Time and again, my children have proven to me they are more capable than I thought.
As parents, we don’t want to exude more energy.
Normally, it's us holding them back.
So we do the task ourselves while they stand aside.
We cook while they watch TV.
We interfere when they are climbing.
We make excuses instead of playing one more game of tag.
All the while not allowing them the experience to do and learn.
This is a daily struggle for me.
My older boys are two and five.
My brain thinks, if I involve them:
Any task will take longer.
The mess will be larger.
One of them will get hurt.
I will be even more tired.
It takes a conscious decision to step aside and allow them to do.
It's an active mental shift.
The results? I am continuously surprised.
Yes, the milk spilled the first few times. Now it doesn’t.
My help is no longer needed to build the lego kit.
All of the zucchini for last night's dinner was cut up without me or my wife lifting a finger.
Holes were dug, plants were put in and watered with minimal help.
The list go on.
When I stay out of their way, they prove time and again they are more capable than I had thought.
They do well beyond what I am comfortable with.
Meaning, I am the one that was holding them back.
Experience is the best teacher
As a guest on Theo Von's podcast just over a year ago, Jordan Peterson said, "If you are going to make your kids tough, which they better be if they are going to survive in the world, you can't interfere when they're doing dangerous things carefully."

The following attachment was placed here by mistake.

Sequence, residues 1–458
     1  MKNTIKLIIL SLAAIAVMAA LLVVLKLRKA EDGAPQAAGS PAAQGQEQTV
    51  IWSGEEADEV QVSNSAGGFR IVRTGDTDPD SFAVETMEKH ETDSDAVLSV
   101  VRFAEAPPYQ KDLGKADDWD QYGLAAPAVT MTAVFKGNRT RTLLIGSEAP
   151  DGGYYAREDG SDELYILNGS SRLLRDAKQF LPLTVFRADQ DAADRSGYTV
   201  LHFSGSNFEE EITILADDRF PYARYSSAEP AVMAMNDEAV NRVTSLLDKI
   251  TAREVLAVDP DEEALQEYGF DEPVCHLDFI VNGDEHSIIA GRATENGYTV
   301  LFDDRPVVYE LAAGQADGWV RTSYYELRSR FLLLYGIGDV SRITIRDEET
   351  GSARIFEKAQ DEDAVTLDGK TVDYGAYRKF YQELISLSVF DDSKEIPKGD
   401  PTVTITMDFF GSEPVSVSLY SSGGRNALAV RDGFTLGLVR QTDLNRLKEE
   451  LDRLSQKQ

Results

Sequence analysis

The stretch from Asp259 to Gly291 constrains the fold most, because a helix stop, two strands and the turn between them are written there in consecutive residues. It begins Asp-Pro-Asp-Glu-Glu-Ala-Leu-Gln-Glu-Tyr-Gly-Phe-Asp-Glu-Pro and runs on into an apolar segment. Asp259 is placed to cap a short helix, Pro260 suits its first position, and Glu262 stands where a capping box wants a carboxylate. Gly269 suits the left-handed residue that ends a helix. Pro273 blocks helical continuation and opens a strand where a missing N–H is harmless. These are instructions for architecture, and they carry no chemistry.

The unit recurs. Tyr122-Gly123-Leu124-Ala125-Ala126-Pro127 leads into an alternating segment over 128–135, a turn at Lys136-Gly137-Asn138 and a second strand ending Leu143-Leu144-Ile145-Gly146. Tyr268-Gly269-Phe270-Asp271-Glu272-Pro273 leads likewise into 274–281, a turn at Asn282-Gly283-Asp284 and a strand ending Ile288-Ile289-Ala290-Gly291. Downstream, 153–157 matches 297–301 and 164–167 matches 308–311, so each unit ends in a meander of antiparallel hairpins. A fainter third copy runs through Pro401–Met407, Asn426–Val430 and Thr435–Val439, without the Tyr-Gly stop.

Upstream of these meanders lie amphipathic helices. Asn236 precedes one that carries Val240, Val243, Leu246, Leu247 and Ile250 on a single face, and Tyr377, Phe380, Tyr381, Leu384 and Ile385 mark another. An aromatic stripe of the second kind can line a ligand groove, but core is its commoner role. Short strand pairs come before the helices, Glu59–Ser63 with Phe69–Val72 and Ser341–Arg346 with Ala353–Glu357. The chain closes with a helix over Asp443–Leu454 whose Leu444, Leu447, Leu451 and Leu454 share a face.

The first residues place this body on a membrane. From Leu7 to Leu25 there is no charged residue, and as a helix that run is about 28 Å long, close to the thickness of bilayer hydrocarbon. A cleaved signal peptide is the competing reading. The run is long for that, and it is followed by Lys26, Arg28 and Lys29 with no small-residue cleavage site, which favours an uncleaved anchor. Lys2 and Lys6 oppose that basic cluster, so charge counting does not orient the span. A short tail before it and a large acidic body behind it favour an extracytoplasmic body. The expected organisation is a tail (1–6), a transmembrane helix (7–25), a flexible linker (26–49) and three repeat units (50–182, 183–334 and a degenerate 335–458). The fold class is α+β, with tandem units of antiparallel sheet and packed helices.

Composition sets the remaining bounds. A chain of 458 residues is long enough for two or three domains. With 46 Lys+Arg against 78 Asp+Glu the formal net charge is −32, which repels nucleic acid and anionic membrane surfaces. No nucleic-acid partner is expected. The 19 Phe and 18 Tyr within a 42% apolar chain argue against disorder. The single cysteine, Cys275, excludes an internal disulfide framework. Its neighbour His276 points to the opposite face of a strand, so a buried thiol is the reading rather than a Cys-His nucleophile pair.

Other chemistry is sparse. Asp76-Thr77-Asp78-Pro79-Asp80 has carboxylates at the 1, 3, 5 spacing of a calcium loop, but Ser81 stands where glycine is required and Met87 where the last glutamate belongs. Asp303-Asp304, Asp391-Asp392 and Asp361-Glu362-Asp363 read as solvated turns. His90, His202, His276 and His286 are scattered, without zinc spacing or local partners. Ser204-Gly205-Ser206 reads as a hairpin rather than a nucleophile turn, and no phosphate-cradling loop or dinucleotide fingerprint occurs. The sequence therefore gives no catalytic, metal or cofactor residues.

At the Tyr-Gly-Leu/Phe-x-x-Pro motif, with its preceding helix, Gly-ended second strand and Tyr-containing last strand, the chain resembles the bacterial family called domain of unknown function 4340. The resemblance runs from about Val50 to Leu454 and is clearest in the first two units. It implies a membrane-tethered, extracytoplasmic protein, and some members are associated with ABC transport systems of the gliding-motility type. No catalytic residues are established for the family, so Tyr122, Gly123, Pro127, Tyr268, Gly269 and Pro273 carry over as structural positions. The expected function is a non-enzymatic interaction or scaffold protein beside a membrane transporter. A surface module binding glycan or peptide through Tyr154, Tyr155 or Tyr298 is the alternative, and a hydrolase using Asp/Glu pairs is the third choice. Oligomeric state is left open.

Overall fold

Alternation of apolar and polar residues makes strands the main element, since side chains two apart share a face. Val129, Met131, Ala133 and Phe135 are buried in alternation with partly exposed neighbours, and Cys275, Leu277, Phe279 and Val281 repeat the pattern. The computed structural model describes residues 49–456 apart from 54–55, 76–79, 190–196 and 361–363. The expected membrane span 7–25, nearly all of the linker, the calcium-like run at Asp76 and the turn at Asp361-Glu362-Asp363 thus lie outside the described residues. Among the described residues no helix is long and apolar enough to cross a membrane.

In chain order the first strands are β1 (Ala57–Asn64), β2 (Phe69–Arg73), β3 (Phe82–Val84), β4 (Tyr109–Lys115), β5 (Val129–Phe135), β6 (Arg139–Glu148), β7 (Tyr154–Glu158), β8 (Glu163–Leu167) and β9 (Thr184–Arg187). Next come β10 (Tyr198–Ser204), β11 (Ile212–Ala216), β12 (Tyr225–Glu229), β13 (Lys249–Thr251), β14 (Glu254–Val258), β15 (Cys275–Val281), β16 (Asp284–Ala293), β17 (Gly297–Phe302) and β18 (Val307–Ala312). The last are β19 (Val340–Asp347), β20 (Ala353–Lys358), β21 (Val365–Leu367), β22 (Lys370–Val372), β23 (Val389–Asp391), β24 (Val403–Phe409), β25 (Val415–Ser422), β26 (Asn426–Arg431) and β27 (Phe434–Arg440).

Theo responded, "Think about that specifically. Dangerous things carefully, that is such a place where kids learn."
To which Peterson said, "That's the only place they learn. That's where everyone learns everything."
To me, this not only applies to "dangerous things" but to all things.
As parents, our job is to create the safe space which allows our kids the opportunity to find their limit instead of drawing the line for them.
They will do and they will fail. But the risk of failure is overshadowed by experience gained.
If you'll allow it, they will do again. And they may surprise you.
Allow your child to do.
Allow them to spill and help clean up.
Allow them to fall, realizing it didn't hurt as bad as expected, then try again.
Allow them to fail, providing guidance the next go around.
Challenge yourself to get uncomfortable by allowing them the opportunity of experience.
Children are more capable than we allow, let's stop holding them back.
Be Present. Be Intentional.
- Chad Vrla